Sunday, February 18, 2024

"Dream Scenario": review

Molly (Dylan Gelula) has been having intense sex dreams about Paul (Nicolas Cage).
Imagine that random people in your locality, then all over the world, start dreaming about you. At first, these dreams are fairly benign, with you appearing in people's imaginations as a passive observer. But as time goes on, the nature of the dreams changes, and you become a more proactive dream-character, sometimes engaging in intense sex with the dreamers, sometimes outright torturing and murdering them. Then one day, the dreams about you end. What happens to your life during that time? Celebrity has been forced upon you, bringing crazies and fangirls out of the woodwork. Some want to kill you; some want to fuck you. And as the dreams turn into nightmares, people become uncomfortable around you, as if you were actually raping and murdering them. It gets to the point where, if you're minding your own business in a restaurant, the server asks you to leave because you're making other customers uncomfortable. You have a job as a professor in a midrange college, and your students, who had initially treated you as a celebrity, stop attending your classes when the dreams become violent. You have a family, and they're suffering the effects of your fame and your infamy, too. What happens to your sanity? All of this is seemingly beyond your control.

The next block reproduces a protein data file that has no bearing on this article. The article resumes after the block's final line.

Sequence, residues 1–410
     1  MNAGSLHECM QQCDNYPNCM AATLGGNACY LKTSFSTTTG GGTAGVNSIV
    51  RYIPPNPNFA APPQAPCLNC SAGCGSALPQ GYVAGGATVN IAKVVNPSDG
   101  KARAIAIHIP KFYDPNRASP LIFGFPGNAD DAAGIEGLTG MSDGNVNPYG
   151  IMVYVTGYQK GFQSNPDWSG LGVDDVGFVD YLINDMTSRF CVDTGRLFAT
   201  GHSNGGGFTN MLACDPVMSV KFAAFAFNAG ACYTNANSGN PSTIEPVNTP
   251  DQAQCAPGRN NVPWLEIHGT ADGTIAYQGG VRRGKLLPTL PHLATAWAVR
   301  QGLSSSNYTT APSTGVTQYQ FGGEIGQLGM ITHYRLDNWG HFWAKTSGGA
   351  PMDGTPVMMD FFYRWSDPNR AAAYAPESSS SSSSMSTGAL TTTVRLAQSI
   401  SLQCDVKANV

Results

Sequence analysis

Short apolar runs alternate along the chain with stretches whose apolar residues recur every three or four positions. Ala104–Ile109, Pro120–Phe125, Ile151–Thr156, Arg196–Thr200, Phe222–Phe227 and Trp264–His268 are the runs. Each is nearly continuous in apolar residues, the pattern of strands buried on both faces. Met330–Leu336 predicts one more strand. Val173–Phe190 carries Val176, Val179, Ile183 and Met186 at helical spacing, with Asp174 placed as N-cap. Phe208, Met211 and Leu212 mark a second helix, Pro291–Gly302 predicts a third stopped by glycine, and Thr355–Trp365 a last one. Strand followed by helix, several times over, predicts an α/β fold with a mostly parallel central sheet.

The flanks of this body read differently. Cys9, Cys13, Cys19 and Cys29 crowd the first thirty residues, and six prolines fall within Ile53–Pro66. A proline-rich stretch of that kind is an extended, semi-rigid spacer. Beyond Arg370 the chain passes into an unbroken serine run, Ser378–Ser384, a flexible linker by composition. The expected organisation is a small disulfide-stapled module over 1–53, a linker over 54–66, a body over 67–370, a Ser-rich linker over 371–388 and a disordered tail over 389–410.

That's the basic setup for "Dream Scenario," a 2023 dramedy by Norwegian director Kristoffer Borgli. The film stars Nicolas Cage, Julianne Nicholson, Michael Cera, Tim Meadows, Dylan Gelula, Lily Bird, Jessica Clement, Marnie McPhail, Krista Bridges, and Dylan Baker.